The National Assembly is poised to launch a new parliamentary inquiry into the 2008 deadly post-election violence in Yerevan following an agreement reached by its pro-government majority and opposition factions.
The parliament’s committee on legal affairs on Friday unanimously backed the idea of setting up an ad hoc commission that would investigate the legality of police actions against thousands of opposition supporters demanding a rerun of a disputed presidential election. The commission would also try to identify those who killed eight protesters and two police servicemen on March 1-2, 2008. Nobody has been prosecuted for those deaths.
The new inquiry was demanded last fall by the opposition Armenian National Congress (HAK) of Levon Ter-Petrosian, the main opposition candidate in the February 2008 election. The parliament majority controlled by the ruling Republican Party of Armenia (HHK) said it will agree to the probe only if the HAK agrees to postpone its launch until after the February 2013 presidential ballot. Ter-Petrosian’s bloc accepted that condition.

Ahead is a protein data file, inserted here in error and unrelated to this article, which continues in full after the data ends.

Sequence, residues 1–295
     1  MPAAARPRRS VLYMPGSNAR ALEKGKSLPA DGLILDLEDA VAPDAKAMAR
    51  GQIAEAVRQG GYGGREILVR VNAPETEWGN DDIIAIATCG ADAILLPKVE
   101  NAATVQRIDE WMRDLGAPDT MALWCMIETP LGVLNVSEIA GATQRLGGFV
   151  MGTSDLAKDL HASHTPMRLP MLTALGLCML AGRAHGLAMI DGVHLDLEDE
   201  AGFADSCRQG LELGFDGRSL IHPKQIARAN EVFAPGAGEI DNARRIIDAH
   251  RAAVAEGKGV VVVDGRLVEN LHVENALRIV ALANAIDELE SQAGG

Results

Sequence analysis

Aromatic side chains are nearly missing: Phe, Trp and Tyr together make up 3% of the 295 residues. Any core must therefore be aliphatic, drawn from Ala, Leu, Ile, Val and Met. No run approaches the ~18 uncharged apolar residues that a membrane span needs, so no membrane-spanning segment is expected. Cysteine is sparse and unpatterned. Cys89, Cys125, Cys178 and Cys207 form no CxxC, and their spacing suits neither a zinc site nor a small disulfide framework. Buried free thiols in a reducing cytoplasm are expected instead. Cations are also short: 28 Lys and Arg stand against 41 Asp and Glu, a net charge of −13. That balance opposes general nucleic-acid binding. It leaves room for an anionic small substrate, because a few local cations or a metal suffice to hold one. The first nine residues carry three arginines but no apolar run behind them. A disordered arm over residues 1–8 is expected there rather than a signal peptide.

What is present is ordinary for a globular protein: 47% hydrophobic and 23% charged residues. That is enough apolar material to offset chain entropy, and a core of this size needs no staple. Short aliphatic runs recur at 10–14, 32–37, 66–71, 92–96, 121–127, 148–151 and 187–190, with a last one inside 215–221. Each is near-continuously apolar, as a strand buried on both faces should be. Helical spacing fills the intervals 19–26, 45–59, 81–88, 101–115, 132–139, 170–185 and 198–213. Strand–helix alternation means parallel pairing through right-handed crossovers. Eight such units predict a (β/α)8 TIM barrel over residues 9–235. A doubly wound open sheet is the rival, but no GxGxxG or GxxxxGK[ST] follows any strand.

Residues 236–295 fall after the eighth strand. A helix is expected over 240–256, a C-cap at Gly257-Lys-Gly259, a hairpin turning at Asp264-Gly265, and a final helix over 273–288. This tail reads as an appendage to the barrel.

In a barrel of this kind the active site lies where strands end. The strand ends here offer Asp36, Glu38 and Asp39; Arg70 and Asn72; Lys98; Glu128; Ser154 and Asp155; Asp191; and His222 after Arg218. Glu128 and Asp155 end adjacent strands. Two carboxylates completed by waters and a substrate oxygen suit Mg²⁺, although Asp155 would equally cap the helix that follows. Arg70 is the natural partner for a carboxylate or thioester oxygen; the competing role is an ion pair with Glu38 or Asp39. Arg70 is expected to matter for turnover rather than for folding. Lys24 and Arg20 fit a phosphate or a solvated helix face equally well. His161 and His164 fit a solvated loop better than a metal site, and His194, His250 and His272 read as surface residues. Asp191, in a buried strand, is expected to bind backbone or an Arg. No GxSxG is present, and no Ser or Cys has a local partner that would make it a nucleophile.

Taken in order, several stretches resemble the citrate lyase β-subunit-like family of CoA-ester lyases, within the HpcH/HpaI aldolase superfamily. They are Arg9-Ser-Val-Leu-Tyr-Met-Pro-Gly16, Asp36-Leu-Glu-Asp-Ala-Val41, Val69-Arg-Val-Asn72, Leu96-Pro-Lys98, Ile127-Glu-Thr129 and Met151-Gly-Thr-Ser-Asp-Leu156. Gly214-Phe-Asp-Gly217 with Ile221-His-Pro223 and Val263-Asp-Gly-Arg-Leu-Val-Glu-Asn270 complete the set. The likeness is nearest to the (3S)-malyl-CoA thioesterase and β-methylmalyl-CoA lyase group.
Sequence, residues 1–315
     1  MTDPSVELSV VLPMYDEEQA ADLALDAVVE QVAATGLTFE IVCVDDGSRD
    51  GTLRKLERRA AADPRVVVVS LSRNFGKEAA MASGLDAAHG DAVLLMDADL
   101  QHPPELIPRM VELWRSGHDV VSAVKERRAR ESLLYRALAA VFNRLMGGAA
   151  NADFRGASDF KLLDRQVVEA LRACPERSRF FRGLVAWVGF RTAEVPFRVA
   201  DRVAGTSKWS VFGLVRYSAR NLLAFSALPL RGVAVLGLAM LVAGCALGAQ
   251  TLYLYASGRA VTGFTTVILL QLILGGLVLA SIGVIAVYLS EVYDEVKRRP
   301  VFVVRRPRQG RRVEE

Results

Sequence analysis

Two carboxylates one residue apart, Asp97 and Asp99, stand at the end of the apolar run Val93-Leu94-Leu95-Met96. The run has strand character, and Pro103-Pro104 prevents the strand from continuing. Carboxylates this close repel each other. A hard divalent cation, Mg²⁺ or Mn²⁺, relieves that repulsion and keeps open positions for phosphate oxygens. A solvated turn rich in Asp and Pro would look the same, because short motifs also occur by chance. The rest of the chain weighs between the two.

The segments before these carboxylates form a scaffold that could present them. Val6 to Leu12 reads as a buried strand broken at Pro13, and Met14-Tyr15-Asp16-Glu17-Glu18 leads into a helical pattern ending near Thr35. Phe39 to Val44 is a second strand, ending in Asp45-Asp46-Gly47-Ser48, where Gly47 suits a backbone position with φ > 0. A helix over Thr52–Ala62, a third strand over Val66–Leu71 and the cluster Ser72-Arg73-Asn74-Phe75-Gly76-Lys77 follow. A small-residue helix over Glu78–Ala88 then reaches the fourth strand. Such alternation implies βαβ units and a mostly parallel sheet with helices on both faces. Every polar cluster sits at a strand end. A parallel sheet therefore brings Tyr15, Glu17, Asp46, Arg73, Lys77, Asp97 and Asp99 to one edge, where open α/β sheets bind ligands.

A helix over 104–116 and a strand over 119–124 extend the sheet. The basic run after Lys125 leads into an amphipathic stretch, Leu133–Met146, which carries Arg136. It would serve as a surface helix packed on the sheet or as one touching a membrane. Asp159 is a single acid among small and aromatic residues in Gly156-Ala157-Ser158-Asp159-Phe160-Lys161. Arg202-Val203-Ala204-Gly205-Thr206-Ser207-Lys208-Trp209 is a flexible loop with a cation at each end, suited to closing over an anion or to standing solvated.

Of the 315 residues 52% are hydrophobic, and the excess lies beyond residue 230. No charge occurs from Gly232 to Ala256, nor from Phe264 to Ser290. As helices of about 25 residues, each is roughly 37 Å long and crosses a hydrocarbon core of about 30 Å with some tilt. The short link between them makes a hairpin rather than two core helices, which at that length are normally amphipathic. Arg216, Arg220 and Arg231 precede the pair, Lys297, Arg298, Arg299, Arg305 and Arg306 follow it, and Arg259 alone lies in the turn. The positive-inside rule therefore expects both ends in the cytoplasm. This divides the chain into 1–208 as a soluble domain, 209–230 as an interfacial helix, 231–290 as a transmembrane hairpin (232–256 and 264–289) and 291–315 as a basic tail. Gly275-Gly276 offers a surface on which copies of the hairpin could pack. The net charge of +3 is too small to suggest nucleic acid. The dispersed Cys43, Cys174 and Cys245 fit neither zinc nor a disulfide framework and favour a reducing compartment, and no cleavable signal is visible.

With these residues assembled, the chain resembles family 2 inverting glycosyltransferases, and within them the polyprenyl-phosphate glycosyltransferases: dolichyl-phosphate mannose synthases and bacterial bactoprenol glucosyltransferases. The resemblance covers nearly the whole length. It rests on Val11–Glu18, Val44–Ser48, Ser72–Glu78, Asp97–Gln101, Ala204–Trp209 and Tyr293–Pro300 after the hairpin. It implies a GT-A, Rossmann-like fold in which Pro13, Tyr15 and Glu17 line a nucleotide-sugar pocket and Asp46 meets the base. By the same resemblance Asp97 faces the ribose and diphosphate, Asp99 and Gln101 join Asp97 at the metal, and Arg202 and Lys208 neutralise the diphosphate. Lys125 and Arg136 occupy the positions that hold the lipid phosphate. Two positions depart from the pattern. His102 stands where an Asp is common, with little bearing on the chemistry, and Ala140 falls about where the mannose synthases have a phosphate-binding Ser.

“The purpose of the commission is to uncover the truth,” said Davit Harutiunian, the HHK-affiliated chairman of the parliament committee. He said the HHK majority will honor its pledge and ensure that the commission’s formation is approved by the full National Assembly.
Gagik Jahangirian, an HAK lawmaker, likewise expressed confidence that the committee vote will pave the way for the probe. He said the ad hoc commission will have seven members and three of them will represent the HHK and its junior coalition partner, the Orinats Yerkir Party. The four other parliamentary factions will each name one of the remaining commission members, according to Jahangirian.
The previous Armenian parliament already conducted such an inquiry boycotted by opposition lawmakers. It concluded in September 2009 that the use of force against the protesters, who barricaded themselves in downtown Yerevan was “by and large legitimate and adequate.” It said that there were only isolated instances of excessive force used by security forces.
The HAK shrugged off this conclusion at the time, saying that it is part of a government cover-up of what was the worst street violence in Armenia’s history.
The Armenian authorities say that the violence resulted from Ter-Petrosian’s attempt to forcibly seize power. Ter-Petrosian and his associates insist, however, that the authorities deliberately used lethal force to enforce the results of the “rigged” election.